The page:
Presentation on theme: "CP ENGLISH 10 Please have out your note-taking notebooks. Emily Dickinson will serve as a final inspiration for your poems which are due this Friday. TODAY."— Presentation transcript:
CP ENGLISH 10 Please have out your note-taking notebooks. Emily Dickinson will serve as a final inspiration for your poems which are due this Friday. TODAY WE WILL: - Receive information on course selection. -Learn the history and inspirations of American Poet, Emily Dickinson. -Analyze several of her poems for literary devices. -Be exposed to “slant rhyme” a final sound device. **VOLUNTEERS? PAPER PASS BACK PARTY! If you were not here yesterday, see me BEFORE the bell!
Early Life She was born to religious, well- to-do family and had a normal childhood in Amherst, Massachusetts. Everyone expected her to marry and raise a family like most women of her class. This all suddenly changed when she was 24.
She became a poet and recluse. “Dickinson used precise language and unique poetic forms to simultaneously reveal and conceal her private thoughts and feelings” (Elements of Literature 345). What happened to turn a young girl into an unrecognized poet who never left her house?
Speculations about Why Went to DC with her father, a congressman, because she had fallen in love with a married lawyer, who soon died of TB. There fell in love with another married man, a minister. He moved to San Francisco in 1862. About this time she wrote, “I sing as the boy does by the burying ground, because I am afraid.” What would cause a young woman of 24 suddenly to isolate herself within her yard and house and ignore the world outside?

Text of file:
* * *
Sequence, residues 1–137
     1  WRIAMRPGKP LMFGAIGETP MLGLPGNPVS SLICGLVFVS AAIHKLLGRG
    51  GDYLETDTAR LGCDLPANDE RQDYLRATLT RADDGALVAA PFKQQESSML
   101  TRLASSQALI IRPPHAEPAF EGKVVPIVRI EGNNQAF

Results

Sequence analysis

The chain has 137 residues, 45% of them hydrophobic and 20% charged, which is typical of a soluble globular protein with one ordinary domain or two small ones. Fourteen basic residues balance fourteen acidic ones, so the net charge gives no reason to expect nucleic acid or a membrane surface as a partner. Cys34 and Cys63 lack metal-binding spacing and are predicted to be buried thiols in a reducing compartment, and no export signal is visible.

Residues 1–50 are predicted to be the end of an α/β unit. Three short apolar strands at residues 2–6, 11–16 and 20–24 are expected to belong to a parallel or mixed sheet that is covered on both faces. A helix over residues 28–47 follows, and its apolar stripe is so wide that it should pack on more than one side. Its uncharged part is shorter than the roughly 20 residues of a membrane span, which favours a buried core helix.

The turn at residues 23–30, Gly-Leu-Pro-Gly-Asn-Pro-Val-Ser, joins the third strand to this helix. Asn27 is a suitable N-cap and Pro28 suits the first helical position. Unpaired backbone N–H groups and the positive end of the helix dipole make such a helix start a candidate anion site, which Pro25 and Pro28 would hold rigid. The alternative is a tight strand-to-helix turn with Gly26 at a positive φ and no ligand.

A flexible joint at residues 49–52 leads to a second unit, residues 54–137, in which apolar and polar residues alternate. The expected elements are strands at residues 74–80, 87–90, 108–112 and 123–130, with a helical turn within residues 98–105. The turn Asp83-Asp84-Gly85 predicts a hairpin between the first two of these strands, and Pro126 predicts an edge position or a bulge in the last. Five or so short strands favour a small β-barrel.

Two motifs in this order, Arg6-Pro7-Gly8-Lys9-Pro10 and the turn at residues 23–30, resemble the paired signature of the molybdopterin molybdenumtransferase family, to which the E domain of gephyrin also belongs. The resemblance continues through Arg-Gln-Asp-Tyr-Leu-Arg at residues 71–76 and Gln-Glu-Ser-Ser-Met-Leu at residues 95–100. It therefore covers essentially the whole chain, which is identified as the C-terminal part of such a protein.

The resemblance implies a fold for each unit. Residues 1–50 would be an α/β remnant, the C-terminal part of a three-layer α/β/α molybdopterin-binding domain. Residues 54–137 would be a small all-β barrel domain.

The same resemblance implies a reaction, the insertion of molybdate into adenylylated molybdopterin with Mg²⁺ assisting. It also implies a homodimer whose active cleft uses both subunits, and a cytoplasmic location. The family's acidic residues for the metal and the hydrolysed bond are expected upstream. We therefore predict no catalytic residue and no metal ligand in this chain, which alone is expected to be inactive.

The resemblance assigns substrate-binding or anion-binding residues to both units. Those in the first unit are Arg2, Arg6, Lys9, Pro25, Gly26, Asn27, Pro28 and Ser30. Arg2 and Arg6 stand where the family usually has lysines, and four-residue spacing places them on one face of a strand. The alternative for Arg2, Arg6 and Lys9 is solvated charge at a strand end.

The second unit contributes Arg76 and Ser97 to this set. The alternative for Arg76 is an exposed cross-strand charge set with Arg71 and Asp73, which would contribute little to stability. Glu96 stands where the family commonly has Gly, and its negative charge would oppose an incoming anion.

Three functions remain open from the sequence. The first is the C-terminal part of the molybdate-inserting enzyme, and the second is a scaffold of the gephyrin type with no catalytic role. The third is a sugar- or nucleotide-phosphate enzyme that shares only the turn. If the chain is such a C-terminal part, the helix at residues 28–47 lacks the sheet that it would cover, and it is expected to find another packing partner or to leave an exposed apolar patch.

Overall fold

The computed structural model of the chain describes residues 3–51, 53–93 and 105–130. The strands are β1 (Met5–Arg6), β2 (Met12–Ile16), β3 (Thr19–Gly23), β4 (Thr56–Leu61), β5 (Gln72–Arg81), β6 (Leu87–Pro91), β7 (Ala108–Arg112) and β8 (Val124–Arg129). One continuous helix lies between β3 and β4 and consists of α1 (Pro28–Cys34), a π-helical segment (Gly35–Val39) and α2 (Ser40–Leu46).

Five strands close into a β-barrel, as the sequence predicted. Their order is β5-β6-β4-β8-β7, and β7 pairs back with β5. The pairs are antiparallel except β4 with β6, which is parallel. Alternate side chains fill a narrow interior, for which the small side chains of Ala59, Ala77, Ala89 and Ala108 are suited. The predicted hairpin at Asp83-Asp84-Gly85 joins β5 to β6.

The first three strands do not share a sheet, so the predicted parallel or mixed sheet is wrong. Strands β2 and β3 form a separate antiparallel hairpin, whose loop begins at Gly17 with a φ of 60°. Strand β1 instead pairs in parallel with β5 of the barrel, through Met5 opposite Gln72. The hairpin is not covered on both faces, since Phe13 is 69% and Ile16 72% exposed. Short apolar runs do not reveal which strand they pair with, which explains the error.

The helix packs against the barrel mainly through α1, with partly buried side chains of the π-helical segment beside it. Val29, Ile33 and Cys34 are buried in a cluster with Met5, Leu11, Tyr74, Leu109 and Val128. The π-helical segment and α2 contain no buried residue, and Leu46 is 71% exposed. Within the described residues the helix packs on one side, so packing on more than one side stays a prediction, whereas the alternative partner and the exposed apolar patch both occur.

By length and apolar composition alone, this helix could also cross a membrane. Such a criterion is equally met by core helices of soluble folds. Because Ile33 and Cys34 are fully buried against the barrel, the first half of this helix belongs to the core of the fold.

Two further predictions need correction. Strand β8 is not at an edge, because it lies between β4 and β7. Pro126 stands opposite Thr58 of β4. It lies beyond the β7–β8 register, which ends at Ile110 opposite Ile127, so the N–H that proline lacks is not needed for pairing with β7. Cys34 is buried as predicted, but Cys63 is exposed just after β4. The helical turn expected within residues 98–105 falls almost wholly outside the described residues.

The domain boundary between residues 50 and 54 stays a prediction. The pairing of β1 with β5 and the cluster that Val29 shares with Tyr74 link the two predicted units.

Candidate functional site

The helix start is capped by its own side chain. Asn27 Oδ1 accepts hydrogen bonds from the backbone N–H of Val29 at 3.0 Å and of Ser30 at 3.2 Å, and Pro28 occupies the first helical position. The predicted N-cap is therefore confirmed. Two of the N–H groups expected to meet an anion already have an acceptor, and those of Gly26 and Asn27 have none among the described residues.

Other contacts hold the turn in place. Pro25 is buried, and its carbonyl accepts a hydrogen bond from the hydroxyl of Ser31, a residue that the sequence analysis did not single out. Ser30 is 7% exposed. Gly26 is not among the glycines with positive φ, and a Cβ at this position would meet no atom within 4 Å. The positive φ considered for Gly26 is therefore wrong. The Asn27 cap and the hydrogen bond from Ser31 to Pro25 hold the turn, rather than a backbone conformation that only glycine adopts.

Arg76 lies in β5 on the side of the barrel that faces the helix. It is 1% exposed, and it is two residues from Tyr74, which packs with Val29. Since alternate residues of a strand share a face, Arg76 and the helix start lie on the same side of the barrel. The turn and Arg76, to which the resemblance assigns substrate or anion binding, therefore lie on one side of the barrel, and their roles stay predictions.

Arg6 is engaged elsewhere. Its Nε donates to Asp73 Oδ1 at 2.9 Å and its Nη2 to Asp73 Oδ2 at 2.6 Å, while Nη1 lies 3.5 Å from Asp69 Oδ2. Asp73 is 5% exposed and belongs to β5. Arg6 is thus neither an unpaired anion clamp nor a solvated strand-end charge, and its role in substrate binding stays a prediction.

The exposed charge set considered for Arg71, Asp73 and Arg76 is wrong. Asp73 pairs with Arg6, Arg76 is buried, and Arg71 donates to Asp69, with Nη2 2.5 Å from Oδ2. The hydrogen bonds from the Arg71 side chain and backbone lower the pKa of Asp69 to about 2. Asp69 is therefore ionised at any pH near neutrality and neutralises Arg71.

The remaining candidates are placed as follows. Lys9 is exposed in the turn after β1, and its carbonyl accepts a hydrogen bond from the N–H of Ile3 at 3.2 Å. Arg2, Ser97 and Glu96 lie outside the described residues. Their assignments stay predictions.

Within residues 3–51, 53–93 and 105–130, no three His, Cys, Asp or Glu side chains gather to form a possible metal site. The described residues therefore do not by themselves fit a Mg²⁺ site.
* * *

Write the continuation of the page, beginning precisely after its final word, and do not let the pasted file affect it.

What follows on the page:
Return to Amherst Within a few years, she had retreated from all social life in Amherst. Always wearing white, like the bride she would never be, she remained in her parents’ house and restricted herself to household work and writing poetry, which she would sometimes send to people as gifts for valentines or birthdays, along with a pie or cookies.
Only a few of her poems were published in her lifetime. She sent four of them to a critic, Mr. Higginson, asking for his help. When he sent suggestions for changing her poems, she replied in a letter, “Thank you for the surgery; it was not so painful as I supposed. I bring you others, as you ask” (Higginson).
After her death, friends and relatives found bundles of her poems, which they edited and “corrected” and had published in installments. In 1955, Thomas H. Johnson finally published a collection of her poems that had not been “corrected.” These are the versions we read today.
Here are two versions of one stanza of one of her poems. The first is unedited; the second has been “corrected.” We passed the School, where Children strove At recess—in the Ring— We passed the Fields of Gazing Grain— We passed the Setting Sun— We passed the school where children played Their lessons scarcely done; We passed the fields of gazing grain, We passed the setting sun. See the differences? How does the poem change?
Slant Rhyme vs. Exact Rhyme Slant Rhyme - a close, but not exact, rhyme. Often leaves the reader feeling uncomfortable. Examples: Society/Majority, Nerve/Love **This is the final sound device you may use for your poem projects. Exact Rhyme - Rhyme in which the final accented vowel and all succeeding consonants or syllables are identical, while the preceding consonants are different. Examples: great/late; rider/beside her; dutiful/ unbeautiful.
What sort of poet was she? Dickinson is known for using poetry as private observation. Her poems are carefully crafted in rhyme and meter.
TODAY… “The Soul Selects Her Own Society” “Tell All the Truth But Tell it Slant” “Because I Could Not Stop for Death” “I Heard a Fly Buzz When I Died”